How to update assembly components?

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Daren LaBranche
Junior Member
Posts: 58
Joined: Tue, Sep 25 2012, 5:26PM
Company Name: Drawn to Wood
Country: CANADA

How to update assembly components?

Postby Daren LaBranche » Fri, Aug 31 2018, 11:56AM

Howdy all, I'm interested in your two-cents worth.

I'm wondering if/how anyone out there uses assemblies? I'm sure there's some of you, and I'd be interested in hearing your take on them and what you use them for.

Here's my scenario/motive: I'm preparing to build an island composed of multiple cabs. I would like to check/adjust the gaps/reveals between the cab fronts and finished panels, door-level fillers, etc... I always take my cabs into the LDE and confirm all the details before adding them to a batch file for production.

Now, I haven't worked much w/assemblies, but I see how useful they could be and wanted to try them on this job. So I assembled this island and took it into the LDE, but it wasn't long before I realized that a couple of cabs needed some changes. So I went back to the cab editor, opened up one of the cabs, made and saved the changes to it (back to the library). But here's the rub: I then realized that cab (and the others I'd fixed) didn't get propogated to the island assy. I understand why this wouldn't/shouldn't be an automatic function, but.....for the love of wood....! there must be a way to force the assy to inherit/update its components from the library cabs without having to delete and re-add them to the assy? I just can't figure out how.

I look forward to reading your witty and experienced comments.
Daren

Mark McCallum
Guru Member
Posts: 282
Joined: Thu, Jun 16 2005, 7:53PM
Location: Sydney Aust

Re: How to update assembly components?

Postby Mark McCallum » Fri, Aug 31 2018, 8:38PM

Hi Darren
We have been using assemblies quite a bit.
We like the ease of manipulation for cabinet alignment, wire framing to check details and adjusting in the CEditor. But with the recent program developments we are experimenting with doing more in custom layout.
If I understand correctly? I would go to the C editor make the changes to the assembly, re-save the assembly as Mrs Jones No2 or overwrite the old one.
Go back to batch cabinets or custom layout.
Delete the old assembly and select the new assembly and replace into the room.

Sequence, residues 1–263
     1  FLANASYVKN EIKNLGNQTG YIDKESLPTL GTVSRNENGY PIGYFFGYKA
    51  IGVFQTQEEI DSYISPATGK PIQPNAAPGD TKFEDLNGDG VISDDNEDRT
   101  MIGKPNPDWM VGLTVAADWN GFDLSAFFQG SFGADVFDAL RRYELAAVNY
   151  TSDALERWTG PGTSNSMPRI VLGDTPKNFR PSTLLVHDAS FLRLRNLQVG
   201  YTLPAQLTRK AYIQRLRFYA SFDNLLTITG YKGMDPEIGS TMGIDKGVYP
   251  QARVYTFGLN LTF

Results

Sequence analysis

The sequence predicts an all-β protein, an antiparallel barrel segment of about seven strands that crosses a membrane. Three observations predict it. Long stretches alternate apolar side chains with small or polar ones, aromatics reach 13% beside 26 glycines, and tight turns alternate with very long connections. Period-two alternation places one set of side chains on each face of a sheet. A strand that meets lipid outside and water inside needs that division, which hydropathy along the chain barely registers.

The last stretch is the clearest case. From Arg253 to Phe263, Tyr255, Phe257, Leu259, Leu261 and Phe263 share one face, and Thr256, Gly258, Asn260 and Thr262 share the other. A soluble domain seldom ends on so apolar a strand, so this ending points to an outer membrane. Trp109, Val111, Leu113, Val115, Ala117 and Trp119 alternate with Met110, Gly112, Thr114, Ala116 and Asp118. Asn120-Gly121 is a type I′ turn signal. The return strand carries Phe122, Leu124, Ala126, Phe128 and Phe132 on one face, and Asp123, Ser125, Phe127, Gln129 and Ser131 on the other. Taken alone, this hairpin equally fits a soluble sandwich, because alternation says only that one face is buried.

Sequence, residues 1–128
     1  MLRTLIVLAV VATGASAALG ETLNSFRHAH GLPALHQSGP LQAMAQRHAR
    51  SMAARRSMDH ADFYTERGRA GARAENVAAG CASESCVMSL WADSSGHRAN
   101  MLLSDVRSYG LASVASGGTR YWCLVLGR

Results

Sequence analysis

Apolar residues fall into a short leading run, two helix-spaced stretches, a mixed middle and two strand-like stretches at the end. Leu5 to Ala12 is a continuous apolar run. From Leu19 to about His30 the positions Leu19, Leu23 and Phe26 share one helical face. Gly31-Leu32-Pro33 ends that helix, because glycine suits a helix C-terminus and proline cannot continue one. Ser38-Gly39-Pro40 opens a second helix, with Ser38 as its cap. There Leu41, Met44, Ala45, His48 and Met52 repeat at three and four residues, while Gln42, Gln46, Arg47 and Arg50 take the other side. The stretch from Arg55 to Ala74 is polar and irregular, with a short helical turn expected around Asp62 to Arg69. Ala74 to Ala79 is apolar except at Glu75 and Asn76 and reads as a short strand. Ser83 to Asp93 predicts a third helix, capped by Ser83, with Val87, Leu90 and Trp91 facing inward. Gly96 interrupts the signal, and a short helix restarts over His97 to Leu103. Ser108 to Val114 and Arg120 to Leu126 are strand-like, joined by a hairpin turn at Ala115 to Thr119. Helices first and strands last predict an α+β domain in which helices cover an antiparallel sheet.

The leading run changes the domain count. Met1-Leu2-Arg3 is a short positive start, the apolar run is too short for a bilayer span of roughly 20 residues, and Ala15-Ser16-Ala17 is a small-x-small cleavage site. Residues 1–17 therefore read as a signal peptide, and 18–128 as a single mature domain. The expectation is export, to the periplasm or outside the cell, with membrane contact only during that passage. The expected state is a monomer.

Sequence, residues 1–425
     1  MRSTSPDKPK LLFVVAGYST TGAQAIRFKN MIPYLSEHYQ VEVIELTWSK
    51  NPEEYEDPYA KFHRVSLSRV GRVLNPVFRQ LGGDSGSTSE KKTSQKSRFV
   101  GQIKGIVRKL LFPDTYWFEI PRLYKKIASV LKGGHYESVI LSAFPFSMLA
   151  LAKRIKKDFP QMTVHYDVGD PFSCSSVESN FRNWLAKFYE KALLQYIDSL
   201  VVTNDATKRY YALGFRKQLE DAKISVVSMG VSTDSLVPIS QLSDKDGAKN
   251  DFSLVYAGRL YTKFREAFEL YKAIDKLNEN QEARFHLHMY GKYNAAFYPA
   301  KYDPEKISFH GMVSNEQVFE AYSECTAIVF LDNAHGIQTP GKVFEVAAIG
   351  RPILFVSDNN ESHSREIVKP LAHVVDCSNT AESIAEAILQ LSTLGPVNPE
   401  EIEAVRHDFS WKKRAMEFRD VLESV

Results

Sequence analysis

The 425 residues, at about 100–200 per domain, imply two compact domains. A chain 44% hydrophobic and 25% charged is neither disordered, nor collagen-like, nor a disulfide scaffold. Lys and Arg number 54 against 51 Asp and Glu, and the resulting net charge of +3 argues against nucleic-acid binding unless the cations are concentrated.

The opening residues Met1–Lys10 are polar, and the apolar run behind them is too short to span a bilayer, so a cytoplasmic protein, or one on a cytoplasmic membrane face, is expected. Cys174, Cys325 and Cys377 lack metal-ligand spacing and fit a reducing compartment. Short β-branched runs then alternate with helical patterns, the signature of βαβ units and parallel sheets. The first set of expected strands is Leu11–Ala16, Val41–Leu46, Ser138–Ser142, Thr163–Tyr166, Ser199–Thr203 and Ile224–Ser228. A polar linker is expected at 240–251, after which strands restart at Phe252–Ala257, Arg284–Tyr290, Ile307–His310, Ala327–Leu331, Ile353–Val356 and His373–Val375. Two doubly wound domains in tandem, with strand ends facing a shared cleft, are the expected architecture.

I would definitely make an assembly of an island though, for custom layout, to the best of my knowledge it would be a lot quicker to place, but others often have other ways that work fine.

Just for example, imagine trying to place all the units in the island below, plus base, plus shadow line panels, plus benchtop with 100mm apron into the Custom layout piece by piece, (checking to see if all the part editor cutouts align on the various intersections of backs and ends) I think it would be many times harder.

At the moment though, as far as I am aware, a small downside is, if you place an assembly into custom room lay out, all the new dimensioning features do not apply to the individual cabinets within the assembly,

(I have suggested, somewhere else I think) that being able to ungroup an assembly once it is placed into a room and associated to a wall would be a extremely useful program feature. Then the new sizing / dimensionig features would then work on the un-grouped individual units.)

Another benefit of this is adjusting a single cabinet loads so much faster into the CE rather than taking in ten and loading all the data)
Thats my 2 cents worth, perhaps someone has a dollar to add :wink:
Mark
Island.JPG

tim lucas
Guru Member
Posts: 302
Joined: Thu, Nov 29 2007, 5:18PM
Company Name: Tim Lucas Custom Woodworks LLC
Country: UNITED STATES
Location: bell, florida
Contact:

Re: How to update assembly components?

Postby tim lucas » Sat, Sep 01 2018, 3:33PM

Daren LaBranche wrote:Howdy all, I'm interested in your two-cents worth.

I'm wondering if/how anyone out there uses assemblies? I'm sure there's some of you, and I'd be interested in hearing your take on them and what you use them for.

Here's my scenario/motive: I'm preparing to build an island composed of multiple cabs. I would like to check/adjust the gaps/reveals between the cab fronts and finished panels, door-level fillers, etc... I always take my cabs into the LDE and confirm all the details before adding them to a batch file for production.